I need to work hard to get to be as good a shot as my kid
My youngest son is going through the NRA Youth Shooting program, and it has me thinking I need to get back to practicing. I mean, I can’t have my kid outshooting me, right?
My son Logan is working on getting his Distinguished Expert qualification through the NRA’s Youth Shooting Program. He’s progressing nicely through the many levels with air rifles provided by the American Legion Post Six in Cheyenne. It’s a fantastic program that helps kids learn to shoot well, and they provide all the equipment the kids will need.
It’s also a long, difficult journey. The kids are required to make progressively higher scores as they move up the levels, and they shoot from prone, kneeling and standing positions. When they get to the top levels, they progress to precision air rifles, even though the lower-tier rifles are way more accurate than anything I used to plink around with.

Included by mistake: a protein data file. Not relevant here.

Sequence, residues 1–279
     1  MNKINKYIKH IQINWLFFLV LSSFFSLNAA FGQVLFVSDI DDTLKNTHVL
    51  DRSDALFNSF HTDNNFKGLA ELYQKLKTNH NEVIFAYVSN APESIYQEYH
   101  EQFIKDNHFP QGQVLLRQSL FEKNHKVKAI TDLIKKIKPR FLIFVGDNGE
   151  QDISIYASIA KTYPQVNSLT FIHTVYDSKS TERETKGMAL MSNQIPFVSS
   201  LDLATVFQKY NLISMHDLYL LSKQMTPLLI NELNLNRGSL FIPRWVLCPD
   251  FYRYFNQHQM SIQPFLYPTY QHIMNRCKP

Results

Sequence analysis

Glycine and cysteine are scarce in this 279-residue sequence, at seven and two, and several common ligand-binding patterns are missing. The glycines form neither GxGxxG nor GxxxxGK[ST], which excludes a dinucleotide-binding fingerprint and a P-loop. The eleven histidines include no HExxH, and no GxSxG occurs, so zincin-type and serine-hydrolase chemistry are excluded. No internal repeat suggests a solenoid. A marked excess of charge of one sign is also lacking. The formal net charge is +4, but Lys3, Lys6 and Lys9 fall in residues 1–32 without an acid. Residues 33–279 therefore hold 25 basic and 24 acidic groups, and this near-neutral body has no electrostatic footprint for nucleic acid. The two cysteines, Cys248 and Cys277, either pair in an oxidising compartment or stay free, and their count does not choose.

Watching Logan get better every week has me thinking there’s nothing keeping me from doing the same. I can’t take part in Logan’s program, because I don’t think I’d be able to convince them that I’m only 15 years old. But I can get some targets, go out to my backyard range, and work on my marksmanship.
There wouldn’t be any cool patches or pins for leveling up, but that’s not the important thing. For me, the point would be to be able to put a bullet where I want it, no matter what position I’m shooting from. And I wouldn’t have to do it with an air rifle – I could use my own hunting rifle in order to be well practiced by hunting season.
Granted, it would be a lot more expensive sending 20 rounds of .270 downrange each week than what Logan spends on pellets. I might start with my .22 in order to keep the costs down.
Maybe within a few weeks, I can catch up to Logan, but he’s pretty good. I’ll have my work cut out for me.